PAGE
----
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TOPIC: Is FCPX Multi-Processor Capable/Possible Mac Pro Bottleneck?

Is FCPX Multi-Processor Capable/Possible Mac Pro Bottleneck? 09 Feb 2018 06:46 #94025

  • TheMacGuy
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So this is my first post here, but I have been using Final Cut for about 3-4 years now, and one question I have always wondered is if FCPX is multi-processor ready? I know it's multi-core ready, but what about multi-processor? I ask because I have two main Macs I run it on: a 2015 MacBook Pro (quad core) and a 2012 Mac Pro (12 core). My performance numbers show that for 99% of my workflow, my MacBook can outdo my Mac Pro, by a long shot, because most projects are H.264 (thanks QuickSync!). But what I noticed is Final Cut is only ever taking, at the most, 6 cores (12 threads) and not all 12 cores (24 threads). Why could this be? Could there be a bottleneck somewhere? Just today I tried taking the same 4k timeline shot with my Mavic Pro, and while my Mac Pro took just an extra minute to render (2.25 mins vs 3.5 mins), the export time was ridiculous: 3 mins vs 17.75 mins. I was thinking maybe a bad CPU, but I have been able to stress both CPUs with no problem. I know Final Cut will only take what it needs, but why so little? Below are the specs of both machines. TIA!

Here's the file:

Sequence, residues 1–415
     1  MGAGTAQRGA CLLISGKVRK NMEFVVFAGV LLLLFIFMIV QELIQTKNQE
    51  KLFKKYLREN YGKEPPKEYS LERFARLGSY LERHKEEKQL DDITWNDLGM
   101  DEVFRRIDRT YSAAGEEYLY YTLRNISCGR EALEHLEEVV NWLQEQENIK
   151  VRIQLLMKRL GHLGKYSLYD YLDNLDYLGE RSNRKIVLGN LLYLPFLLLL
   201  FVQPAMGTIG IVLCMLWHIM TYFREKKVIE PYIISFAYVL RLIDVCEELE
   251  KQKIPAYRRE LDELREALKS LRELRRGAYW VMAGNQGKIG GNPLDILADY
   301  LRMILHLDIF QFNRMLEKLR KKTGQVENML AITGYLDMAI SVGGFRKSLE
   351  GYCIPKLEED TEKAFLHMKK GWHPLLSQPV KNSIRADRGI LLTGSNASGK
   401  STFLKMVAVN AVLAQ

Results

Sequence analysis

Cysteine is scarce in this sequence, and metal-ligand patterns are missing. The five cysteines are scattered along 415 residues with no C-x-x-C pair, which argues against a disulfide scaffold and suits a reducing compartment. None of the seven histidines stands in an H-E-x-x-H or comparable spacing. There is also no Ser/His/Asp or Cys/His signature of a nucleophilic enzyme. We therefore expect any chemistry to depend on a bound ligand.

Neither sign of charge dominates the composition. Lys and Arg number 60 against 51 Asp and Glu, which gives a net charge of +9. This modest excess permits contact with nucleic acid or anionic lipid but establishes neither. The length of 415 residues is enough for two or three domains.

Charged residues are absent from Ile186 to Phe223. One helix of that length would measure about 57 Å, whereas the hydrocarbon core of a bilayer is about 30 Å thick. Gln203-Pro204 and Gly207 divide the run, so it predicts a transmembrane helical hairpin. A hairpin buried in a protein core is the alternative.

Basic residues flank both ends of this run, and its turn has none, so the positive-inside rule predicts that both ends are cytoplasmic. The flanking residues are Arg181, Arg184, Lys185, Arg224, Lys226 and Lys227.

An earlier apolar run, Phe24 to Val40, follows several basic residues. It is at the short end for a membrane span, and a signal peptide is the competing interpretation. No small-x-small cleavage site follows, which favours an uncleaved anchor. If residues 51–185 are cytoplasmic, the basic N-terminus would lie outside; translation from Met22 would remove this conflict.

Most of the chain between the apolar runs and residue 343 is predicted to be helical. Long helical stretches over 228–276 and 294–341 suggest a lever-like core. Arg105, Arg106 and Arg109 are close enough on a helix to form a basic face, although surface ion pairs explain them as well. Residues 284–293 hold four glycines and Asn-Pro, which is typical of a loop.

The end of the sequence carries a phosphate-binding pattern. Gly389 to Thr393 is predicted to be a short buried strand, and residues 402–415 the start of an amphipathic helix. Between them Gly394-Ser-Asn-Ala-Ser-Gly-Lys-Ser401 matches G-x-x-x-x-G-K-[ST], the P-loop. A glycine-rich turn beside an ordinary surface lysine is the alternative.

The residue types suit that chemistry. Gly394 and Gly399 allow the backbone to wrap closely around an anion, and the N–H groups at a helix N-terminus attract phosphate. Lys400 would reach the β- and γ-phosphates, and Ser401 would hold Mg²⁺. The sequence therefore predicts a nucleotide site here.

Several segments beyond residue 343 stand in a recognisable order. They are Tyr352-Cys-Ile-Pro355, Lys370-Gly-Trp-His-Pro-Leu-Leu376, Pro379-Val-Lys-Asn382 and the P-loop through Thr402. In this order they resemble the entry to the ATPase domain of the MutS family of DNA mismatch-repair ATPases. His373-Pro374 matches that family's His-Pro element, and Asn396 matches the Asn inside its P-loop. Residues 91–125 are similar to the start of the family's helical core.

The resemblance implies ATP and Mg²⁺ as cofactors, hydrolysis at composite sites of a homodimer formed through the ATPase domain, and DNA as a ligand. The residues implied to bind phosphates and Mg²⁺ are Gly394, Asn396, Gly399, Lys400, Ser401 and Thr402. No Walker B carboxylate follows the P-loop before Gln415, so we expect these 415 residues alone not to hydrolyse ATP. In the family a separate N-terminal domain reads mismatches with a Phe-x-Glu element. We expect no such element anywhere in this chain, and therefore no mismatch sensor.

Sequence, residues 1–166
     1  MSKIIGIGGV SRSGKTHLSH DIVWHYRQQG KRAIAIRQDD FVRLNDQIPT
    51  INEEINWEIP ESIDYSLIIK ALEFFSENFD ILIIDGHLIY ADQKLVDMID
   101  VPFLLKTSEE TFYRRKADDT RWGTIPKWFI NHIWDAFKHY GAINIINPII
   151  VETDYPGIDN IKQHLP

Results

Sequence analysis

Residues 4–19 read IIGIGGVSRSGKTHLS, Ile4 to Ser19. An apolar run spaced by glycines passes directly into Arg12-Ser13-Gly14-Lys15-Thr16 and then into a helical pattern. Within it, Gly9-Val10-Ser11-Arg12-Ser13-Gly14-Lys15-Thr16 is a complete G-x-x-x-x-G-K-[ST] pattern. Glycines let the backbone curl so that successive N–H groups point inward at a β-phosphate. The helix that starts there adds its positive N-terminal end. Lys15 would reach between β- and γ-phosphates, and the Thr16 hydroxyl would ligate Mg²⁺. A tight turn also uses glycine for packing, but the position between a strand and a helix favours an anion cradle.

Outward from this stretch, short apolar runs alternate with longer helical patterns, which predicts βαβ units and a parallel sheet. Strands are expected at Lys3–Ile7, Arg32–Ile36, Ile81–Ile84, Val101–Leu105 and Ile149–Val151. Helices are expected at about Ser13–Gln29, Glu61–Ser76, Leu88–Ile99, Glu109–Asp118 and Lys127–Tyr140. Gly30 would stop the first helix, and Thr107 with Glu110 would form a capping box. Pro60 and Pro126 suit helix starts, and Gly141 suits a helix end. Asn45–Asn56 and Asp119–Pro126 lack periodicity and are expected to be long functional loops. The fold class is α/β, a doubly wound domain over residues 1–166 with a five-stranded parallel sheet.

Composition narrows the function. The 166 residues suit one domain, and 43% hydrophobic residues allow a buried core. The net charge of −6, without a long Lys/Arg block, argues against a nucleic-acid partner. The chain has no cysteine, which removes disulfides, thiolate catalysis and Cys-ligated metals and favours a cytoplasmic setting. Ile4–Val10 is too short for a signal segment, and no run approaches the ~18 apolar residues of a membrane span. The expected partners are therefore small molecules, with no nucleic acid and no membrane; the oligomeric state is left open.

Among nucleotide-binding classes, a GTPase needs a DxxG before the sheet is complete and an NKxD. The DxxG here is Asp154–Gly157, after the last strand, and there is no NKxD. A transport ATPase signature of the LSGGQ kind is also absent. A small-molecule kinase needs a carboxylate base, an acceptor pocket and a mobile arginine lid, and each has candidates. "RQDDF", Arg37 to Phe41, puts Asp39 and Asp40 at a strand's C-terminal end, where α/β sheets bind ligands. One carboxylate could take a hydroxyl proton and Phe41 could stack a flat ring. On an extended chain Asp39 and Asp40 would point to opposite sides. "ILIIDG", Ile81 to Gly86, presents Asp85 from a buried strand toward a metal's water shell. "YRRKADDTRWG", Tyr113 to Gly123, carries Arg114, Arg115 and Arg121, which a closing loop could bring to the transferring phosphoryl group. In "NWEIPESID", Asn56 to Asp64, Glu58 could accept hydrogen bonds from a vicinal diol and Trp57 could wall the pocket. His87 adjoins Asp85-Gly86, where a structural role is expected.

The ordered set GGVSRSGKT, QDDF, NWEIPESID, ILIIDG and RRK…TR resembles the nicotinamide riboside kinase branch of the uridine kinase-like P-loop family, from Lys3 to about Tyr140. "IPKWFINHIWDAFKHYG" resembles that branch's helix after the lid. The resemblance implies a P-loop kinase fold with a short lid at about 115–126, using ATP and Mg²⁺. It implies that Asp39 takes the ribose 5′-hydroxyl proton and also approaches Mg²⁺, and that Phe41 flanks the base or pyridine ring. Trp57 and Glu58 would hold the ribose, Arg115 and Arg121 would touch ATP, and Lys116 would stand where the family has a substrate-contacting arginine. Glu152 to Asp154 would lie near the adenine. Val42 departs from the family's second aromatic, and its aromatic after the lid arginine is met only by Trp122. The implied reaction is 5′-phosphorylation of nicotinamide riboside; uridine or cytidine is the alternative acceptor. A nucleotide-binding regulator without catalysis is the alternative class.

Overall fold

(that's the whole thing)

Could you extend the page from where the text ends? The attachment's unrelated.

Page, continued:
MacBook Pro: 2015 15", Core i7 2.2GHz Quad, 16GB of RAM, 512GB Apple PCIe SSD, Iris Pro (no dGPU), plugged into a 4k monitor.
Mac Pro: 2009 to 2012 Upgrade, 2x 3.06GHz Xeon 6-core CPUs, 48GB of RAM, 256GB Apple PCIe SSD, GTX 970 4GB. Plugged into same 4k monitor.
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Is FCPX Multi-Processor Capable/Possible Mac Pro Bottleneck? 09 Feb 2018 13:43 #94038

  • FCPX.guru
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"Why could this be? "

Because using more cores would not gain anything. Just because you have 12 cores (which as you point out is not multiprocessor, and you don't say how many processors you have, only how many cores) doesn't mean every function an app performs requires all 12, nor would all 12 help but often hinder some operations. This is simply how computers work, not just FCPX and macOS.

You also have to look at GPU. Rendering and some exporting uses some GPU power also. So what are the GPUs on both Macs?

Yes, FCPX is multi-core/multi-cpu and dual GPU aware.

So my question is, what external drives are you using to put your media and Libraries on, what percentage of each Mac's system drive is free space,

Your system seems to be fine, not sure what the "problem" is. The newer Mac outperformed the older Mac? Normal. Your older Mac has slower RAM than the newer one, too. The older one has no QuickSync as you state. And only using 6 cores is using a lot of power, considering how much the GPU is doing at the same time.

Again, your Mavic Pro is H.264 which uses QuickSync if you're exporting it as native codec. Personally, I don't consider a 2012 Mac Pro that powerful any more...
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Is FCPX Multi-Processor Capable/Possible Mac Pro Bottleneck? 09 Feb 2018 15:27 #94045